What do you tell your child when you’re pretty sure you’re about to die with her? How do you comfort your child when you’re terrified yourself?
Last Saturday morning, a ballistic missile alert was sent to Hawai’i residents like me. Thankfully, it turned out to be a false alarm, but during the 38 minutes before the state sent out an all-clear alert, we thought we were under attack.
At the time, I was home alone with my 9-year-old daughter, Abigail. I knew in the back of my mind that if we did have a nuke headed towards us, odds were we wouldn’t survive it, but inaction wasn’t a possibility. My body wanted to move.
I also knew that due to my medical disability, Ehlers-Danlos Syndrome, that I wouldn’t be able to get very far if I decided to evacuate. I use a cane which only leaves one free hand, and I couldn’t figure out how I could gather my daughter, my service dog and supplies—so my body made the decision that we would shelter in place. I woke up my daughter, found our dog, and then we hid in the bathroom and waited for the end.
As I recounted about the thoughts racing through my mind in an essay for the Washington Post:
I spread the quilt out on the floor, hand Abby a pillow, and calmly ask her if they talked about duck and cover in school. I realize that I don’t know much about duck and cover because I’m only 36 years old and I grew up in a world without nuclear threats. I fake the confidence and teach my fourth-grader how to pull her knees up to her chest, lean her head down into them and cover her neck with her arms.
I’ve received messages from parents from all over the world in the days since my essay was published. Mothers especially wrote that my family had experienced their greatest fear.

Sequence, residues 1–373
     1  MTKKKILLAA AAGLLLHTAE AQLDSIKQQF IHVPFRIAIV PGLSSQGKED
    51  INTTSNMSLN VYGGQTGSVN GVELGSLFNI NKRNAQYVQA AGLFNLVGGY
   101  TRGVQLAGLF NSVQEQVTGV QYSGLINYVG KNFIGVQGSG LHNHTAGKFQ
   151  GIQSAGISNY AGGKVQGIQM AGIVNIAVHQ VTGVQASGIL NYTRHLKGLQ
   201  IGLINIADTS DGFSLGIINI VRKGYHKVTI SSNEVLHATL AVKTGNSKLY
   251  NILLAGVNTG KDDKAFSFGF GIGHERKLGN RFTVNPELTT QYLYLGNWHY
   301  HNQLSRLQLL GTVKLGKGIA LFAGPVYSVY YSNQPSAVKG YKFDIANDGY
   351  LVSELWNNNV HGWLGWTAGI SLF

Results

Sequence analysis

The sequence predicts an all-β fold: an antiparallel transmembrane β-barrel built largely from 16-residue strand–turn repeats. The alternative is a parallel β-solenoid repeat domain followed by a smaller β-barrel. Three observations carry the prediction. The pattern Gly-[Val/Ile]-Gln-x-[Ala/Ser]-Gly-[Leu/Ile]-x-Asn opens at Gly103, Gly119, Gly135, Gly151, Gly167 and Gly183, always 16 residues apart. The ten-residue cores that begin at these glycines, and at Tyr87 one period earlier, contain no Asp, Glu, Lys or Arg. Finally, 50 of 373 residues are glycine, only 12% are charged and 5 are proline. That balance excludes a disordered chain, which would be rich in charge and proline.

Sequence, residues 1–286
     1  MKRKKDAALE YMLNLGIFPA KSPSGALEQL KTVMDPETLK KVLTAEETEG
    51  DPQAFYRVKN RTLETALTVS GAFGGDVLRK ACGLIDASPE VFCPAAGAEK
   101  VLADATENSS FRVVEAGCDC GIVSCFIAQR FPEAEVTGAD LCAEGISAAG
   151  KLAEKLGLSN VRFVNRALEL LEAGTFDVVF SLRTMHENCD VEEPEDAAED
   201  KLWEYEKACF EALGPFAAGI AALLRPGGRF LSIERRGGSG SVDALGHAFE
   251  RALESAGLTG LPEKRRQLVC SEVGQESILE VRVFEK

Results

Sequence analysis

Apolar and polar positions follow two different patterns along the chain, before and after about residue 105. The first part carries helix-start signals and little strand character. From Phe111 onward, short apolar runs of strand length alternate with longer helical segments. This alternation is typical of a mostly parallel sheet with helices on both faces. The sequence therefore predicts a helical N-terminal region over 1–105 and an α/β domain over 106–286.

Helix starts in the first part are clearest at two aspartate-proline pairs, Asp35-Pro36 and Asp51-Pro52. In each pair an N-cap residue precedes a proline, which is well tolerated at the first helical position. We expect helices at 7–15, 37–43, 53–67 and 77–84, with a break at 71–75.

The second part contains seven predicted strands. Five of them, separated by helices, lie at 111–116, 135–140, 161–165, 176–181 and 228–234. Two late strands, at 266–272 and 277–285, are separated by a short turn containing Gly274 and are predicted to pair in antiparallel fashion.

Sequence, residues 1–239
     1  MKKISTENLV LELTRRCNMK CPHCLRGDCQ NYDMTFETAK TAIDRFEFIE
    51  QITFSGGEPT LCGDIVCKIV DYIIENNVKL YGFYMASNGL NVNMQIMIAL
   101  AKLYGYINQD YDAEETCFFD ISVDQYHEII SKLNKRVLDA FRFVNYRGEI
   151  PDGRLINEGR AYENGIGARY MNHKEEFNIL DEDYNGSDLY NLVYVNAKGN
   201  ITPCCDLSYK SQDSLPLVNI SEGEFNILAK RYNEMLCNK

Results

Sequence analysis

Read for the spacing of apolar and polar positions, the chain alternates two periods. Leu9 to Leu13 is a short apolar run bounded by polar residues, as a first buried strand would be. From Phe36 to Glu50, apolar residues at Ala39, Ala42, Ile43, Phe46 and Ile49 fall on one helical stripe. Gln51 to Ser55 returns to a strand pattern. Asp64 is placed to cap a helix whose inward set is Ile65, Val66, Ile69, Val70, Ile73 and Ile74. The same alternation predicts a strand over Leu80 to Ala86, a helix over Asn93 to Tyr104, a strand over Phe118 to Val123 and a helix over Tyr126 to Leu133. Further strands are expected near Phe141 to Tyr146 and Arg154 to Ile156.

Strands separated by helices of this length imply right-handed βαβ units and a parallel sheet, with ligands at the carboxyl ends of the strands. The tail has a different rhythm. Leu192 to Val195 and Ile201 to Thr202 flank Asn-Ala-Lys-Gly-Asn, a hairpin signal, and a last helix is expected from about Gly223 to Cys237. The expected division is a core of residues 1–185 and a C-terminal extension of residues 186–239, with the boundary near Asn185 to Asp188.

Some people called me naïve for even bothering to shelter in place, arguing that there was no point. Some people called me a horrible mother for not being prepared for a nuclear disaster. (Never mind the fact that there’s not a lot a person can do if they’re hit by a nuclear warhead.)
My friends on Oahu shared their stories as we decompressed in the days following, and there were differences in how we reacted: Some parents had their kids hide in storm drains and sewers, some gathered their families together and prayed, others did what we did and filled their bathtub with water and waited.
But the one thing we all had in common was that we grabbed our children and held them with all our might.
Even after the all-clear, it took some time before I could bear to let go of my daughter; when I did, her first question was whether her friend’s birthday party was still on for that afternoon.
Later that afternoon, I watched as the little partygoers ran themselves ragged, jumped in the bouncy-house for hours, laughed and tackled each other with joy. I couldn’t tell if they were discharging major amounts of stress, or if the whole terrifying experience just didn’t touch them in the same way it affected their parents.
Nearly a week later, I’m fairly convinced it’s the latter. Abigail has had no nightmares, and when I ask her if she has any questions or wants to discuss what happened, she says she’s fine. And I believe her.
I believe that she asked the questions she needed to ask when she was scared, and that the answers I was able to string together satisfied her, and that’s the best possible outcome we could have had.
Now that the adrenaline rushes and the relief have both dissipated, what remains for me is a new, deep well of gratitude that we’re all still alive, that our beautiful aina (land) is still here.
I also carry the knowledge that there are parents all over the world, right this second, who are protecting their children from war. My privilege, growing up as an American, is a privilege that many families do not have. There is no good that can come of war-mongering and weapon proliferation.
It is up to us, the parents, to fight for peace.